Lindows 4.0 takes Linux usability to a new extreme. Easy to install and with an attractive desktop and an extremely well-organized menu system, this distribution will appeal to any Windows user wanting to give Linux a try. But experienced Linux users will decry Lindows' lack of options during installation and the sparse selection of programs available on the install CD. It's also costly in the long run, since it requires a subscription to download software--some of which is free elsewhere. But as an entry-level Linux OS, Lindows 4.0 can't be beat. You can even run it from a CD without installing it, to see if you like it. We had Lindows 4.0 up and running (on a partitioned drive that also contained Windows Me and Windows XP) in less than 10 minutes; the short list of bundled applications helped. You simply choose whether to install the OS on a separate drive or, in Advanced view, on a separate partition. Lindows does not, unfortunately, include a partitioning utility, as do Red Hat and SuSE, so you'll have to use another app to split up your drive before you start.
Setup was smooth and problem-free. If you're using Windows on the same PC, Lindows 4.0 handily mounts FAT and NTFS hard drives automatically, so you can access your Windows-created files from within Lindows. Unfortunately, the drives don't automatically appear on your desktop; you must dig for them in the file browser.
Lindows 4.0 presents a clean, usable interface that's very recognizable to Windows users. Programs are organized logically and succinctly, but some attempts at usability go astray. For example, in the Control Panel interface, you'll see the now-standard, two-pane display, with a category list on the left and details about the currently selected item on the right. However, once you choose a category, the left side of the pane displays only that submenu, rather than a Windows Explorer-like cascading menu. To return to the larger menu list, you must click Preview Menu. The biggest change in Lindows 4.0 is the LindowsCD disc, from which you can run the entire OS--without installing it--so that you can check out Lindows with no commitment. Ten minutes after inserting LindowsCD into the CD-ROM drive, Lindows 4.0 is up and running, with enough elements in place to offer a functional and useful hands-on experience.
Version 4.0 is clearly designed for the novice Linux user. A Lindows tutorial opens on first launch. A well-designed Internet Connect Tool resides on the desktop and helps you get onto the Net quickly. A life-preserver icon offers a wide variety of additional tutorials and help screens, and the Lindows button (which functions like Windows' Start button) organizes the programs nicely.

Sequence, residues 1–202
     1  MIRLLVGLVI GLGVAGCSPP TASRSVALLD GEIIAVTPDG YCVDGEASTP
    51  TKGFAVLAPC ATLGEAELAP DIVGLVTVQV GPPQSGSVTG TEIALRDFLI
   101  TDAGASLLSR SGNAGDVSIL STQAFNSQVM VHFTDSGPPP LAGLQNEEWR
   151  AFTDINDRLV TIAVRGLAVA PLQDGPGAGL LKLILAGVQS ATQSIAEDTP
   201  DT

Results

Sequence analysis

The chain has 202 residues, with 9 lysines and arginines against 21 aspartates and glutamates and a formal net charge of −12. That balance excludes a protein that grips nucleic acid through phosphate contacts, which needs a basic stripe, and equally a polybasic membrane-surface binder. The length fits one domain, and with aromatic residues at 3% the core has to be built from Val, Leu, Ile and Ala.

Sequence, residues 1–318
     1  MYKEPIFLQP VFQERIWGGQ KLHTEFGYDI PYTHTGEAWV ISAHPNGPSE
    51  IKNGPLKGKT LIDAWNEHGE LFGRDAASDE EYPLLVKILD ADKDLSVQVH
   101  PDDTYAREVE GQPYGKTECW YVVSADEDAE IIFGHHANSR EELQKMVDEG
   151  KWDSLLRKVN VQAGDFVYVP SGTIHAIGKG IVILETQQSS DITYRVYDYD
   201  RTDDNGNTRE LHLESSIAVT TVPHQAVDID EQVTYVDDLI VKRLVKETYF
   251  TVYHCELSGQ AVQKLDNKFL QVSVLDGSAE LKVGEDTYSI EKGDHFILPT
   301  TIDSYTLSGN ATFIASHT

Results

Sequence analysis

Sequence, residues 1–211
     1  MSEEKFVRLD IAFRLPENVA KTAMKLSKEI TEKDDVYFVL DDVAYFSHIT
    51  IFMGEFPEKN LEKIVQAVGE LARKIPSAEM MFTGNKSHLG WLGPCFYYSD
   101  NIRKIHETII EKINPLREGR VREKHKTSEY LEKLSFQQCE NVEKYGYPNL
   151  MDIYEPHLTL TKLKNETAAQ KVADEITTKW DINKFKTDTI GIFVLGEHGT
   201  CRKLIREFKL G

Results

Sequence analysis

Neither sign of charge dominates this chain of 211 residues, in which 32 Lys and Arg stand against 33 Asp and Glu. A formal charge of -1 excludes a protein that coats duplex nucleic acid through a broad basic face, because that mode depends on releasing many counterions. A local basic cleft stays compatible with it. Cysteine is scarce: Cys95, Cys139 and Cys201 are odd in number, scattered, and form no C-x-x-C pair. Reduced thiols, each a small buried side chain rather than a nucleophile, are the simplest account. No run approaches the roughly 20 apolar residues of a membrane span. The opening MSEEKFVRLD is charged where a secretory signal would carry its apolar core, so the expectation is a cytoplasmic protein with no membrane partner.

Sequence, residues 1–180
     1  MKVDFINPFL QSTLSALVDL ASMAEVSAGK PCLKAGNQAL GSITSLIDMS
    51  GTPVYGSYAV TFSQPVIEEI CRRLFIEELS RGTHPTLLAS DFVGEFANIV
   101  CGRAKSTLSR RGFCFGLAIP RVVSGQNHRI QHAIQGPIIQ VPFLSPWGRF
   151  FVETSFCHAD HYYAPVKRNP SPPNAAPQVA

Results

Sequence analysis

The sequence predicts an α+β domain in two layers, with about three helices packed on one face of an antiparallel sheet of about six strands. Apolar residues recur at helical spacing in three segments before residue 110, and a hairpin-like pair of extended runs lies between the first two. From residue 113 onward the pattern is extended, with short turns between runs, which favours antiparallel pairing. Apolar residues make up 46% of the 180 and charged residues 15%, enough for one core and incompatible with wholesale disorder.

Lindows runs the &siteid=7&edid=&lop=txt&destcat=kde&destUrl=http://www.kde.org/">KDE 3.1 desktop environment, which looks good, works well, and contains numerous widely available apps. But Lindows doesn't include the rapidly encroaching &siteid=7&edid=&lop=txt&destcat=gnome&destUrl=http://www.gnome.org/">GNOME (SuSE, Red Hat, and Mandrake all offer both), which makes it less flexible, in terms of interface.
With its first release, Lindows pioneered an important feature for consumer Linux: Click-N-Run, a $49.95-per-year (or $4.95-per-month) subscription system that provides a hassle-free way to buy or download new software. Just choose Click-N-Run from the start menu, then browse a well-organized listing, much like a storefront. Simply click your program of choice to install it.
Click-N-Run unfortunately highlights Lindows' biggest drawback compared to SuSE, Red Hat, or Mandrake. Whereas those distributions cram in bundled software, Lindows 4.0 skimps. It's the only one of the four distros mentioned here that does not automatically install, for example, OpenOffice and The Gimp. You don't even get KDE's K-Office suite. You could always download and install apps yourself, but it's significantly more difficult without Click-N-Run's help.
Neither will your Click-N-Run subscription buy you all the apps you might need. Some commercial packages, such as StarOffice, cost extra (via a scheme called Click-N-Buy). When you add up the cost of the OS itself ($59.95 for the boxed version), the Click-N-Run subscription, plus the extra-cost commercial apps, Lindows starts to get expensive. Lindows recommends a minimum configuration of an 800MHz or higher processor with 256MB of RAM and a couple of gigabytes of disk space. For testing, we installed it on a 2.4GHz Pentium 4 with 512MB of RAM, as well as a 500MHz Celeron machine with 256MB of RAM. It worked fine on both, although obviously apps ran faster on the more-powerful PC. The OS even avoided fairly typical Linux problems of recognizing and working effectively with various display settings. (Note: We do not run formal CNET benchmark tests on Linux distributions.) Because Lindows offers only one standard OS package (other companies offer various levels of packaging), you can't get advanced support by paying more for the distro. Instead, Lindows offers free online support, in the form of FAQs, a knowledge base, and user forums. Once you register, you can e-mail questions to Lindows support personnel, and you can expect to receive answers within a day. You can also phone the support team between 9 a.m. and 5:30 p.m. Monday through Friday, but this is a premium service, priced by the length of the call.
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